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What are Biomarkers?


Defined as cellular, biochemical, or molecular alterations, biomarkers are specific, and often unique, biologic features. This testing is often used to indicate the presence of a particular disease or infection, determine the risk for developing a disease, and predict how a patient’s condition will likely progress. With pathogenic samples, the biologic features studied are typically specific to viruses, bacteria, germs, and cell abnormalities.

Different Types of Molecular Biomarkers

DNA is analyzed to look for genomic biomarkers, including mutations unique to tumor cells in cancer patients. RNA molecules are analyzed to isolate transcriptomic biomarkers to predict therapeutic responses for patients. Proteomic biomarkers identify changes to proteins and protein interactions. Antigens in cells are identified with cellular biomarkers that can isolate cells triggering a response from the immune system. Early disease detection involves testing for imaging biomarkers captured with image-based tests like MRI scans and X-rays.

Patient Screening

Patient screening often involves attempts to ID common forms of cancer early, although there’s research suggesting there are biomarkers that may indicate a patient’s odds of developing Alzheimer’s disease and similar conditions associated with cognitive decline. While typically involving an analysis of gene structures, screening techniques are also being used to develop risk scores shortly after birth for diseases like type 1 diabetes — and the same ability may soon be possible for type 2 diabetes.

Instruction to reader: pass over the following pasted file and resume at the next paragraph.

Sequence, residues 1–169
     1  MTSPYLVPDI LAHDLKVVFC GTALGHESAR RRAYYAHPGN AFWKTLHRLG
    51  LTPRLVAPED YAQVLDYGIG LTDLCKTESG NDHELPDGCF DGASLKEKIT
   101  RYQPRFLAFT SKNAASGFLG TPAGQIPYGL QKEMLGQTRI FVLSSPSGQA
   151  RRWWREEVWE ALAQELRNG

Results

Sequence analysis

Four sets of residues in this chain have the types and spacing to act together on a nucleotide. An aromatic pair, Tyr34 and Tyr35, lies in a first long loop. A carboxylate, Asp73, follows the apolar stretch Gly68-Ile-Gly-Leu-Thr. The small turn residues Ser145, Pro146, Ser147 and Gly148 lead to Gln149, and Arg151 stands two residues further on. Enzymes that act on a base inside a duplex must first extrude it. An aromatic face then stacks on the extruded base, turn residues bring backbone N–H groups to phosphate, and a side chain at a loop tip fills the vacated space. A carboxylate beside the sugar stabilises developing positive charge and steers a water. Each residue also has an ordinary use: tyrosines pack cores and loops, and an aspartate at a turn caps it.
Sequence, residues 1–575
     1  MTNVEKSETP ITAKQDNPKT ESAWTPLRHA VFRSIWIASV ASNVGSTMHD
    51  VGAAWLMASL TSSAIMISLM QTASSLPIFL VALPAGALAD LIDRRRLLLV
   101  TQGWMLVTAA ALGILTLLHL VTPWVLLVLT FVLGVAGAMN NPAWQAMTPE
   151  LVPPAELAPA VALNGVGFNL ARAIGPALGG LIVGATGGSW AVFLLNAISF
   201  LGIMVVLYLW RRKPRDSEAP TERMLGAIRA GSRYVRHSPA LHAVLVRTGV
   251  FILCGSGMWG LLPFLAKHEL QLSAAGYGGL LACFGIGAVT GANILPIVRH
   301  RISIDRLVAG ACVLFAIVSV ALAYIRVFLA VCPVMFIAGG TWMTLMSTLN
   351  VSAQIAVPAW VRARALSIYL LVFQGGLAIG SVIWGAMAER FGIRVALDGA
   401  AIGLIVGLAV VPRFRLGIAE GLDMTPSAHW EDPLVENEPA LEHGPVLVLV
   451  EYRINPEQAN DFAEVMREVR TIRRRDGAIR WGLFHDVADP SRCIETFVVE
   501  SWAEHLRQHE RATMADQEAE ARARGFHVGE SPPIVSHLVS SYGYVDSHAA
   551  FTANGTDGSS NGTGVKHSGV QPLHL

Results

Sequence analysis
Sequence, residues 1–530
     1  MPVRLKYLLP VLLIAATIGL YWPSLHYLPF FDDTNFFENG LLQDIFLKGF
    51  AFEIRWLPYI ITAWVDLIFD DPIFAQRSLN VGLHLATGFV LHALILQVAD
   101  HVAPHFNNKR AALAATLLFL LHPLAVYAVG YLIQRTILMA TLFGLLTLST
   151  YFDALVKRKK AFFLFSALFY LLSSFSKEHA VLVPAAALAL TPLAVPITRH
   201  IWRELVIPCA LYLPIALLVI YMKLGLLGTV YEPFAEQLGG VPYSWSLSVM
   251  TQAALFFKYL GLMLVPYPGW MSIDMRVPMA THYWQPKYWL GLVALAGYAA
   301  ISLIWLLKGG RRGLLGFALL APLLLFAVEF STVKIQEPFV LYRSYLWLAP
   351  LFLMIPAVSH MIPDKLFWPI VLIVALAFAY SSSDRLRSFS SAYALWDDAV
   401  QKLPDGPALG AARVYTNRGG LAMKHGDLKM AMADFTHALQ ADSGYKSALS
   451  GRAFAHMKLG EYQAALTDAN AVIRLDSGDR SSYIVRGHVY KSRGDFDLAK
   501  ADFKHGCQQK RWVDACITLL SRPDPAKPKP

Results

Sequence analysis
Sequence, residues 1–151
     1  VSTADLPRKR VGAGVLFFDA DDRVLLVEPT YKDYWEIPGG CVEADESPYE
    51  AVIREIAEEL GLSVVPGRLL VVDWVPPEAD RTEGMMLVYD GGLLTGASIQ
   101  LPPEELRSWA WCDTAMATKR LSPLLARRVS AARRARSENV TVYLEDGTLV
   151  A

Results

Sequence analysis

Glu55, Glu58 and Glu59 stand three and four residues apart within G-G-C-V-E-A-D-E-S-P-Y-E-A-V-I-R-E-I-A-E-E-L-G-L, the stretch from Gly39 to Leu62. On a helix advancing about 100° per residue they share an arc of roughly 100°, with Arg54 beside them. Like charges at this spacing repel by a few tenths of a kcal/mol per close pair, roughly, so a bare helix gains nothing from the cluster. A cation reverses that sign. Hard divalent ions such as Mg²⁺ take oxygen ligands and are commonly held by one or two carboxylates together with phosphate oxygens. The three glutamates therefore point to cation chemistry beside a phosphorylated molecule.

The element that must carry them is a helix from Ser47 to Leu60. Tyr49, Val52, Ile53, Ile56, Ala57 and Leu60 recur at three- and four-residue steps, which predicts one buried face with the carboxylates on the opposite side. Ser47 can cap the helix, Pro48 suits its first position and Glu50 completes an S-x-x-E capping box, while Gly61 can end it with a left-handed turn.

Disease diagnosis is a common use of biomarker testing involving the identification of an organism’s measurable characteristics. Results of such tests have a history of being used to diagnose infections, specific types of cancer, diabetes and complications related to it, immunological and genetic disorders, and cardiovascular disease. And research is being done to determine if there are other diagnostic applications, especially with the identification of conditions related to chronic diseases like diabetic neuropathy (nerve damage).

Patient Prognosis

Fluid- and tissue-based biomarkers may track the progression of a disease from very early stages through its end stages. A practical example is the collection of samples to determine how patients with cancer may respond to immunotherapy. There’s also research suggesting certain immune biomarkers may predict patients’ likely responsiveness to flu vaccines.

Biomarkers are another important resource doctors use to improve overall patient care. Biologic features alone do not guarantee that a patient will develop a certain disease. However, such information combined with knowledge of a patient’s medical history and general health can allow doctors to provide more specific advice, including suggested lifestyle changes and preventative screenings that may be beneficial.

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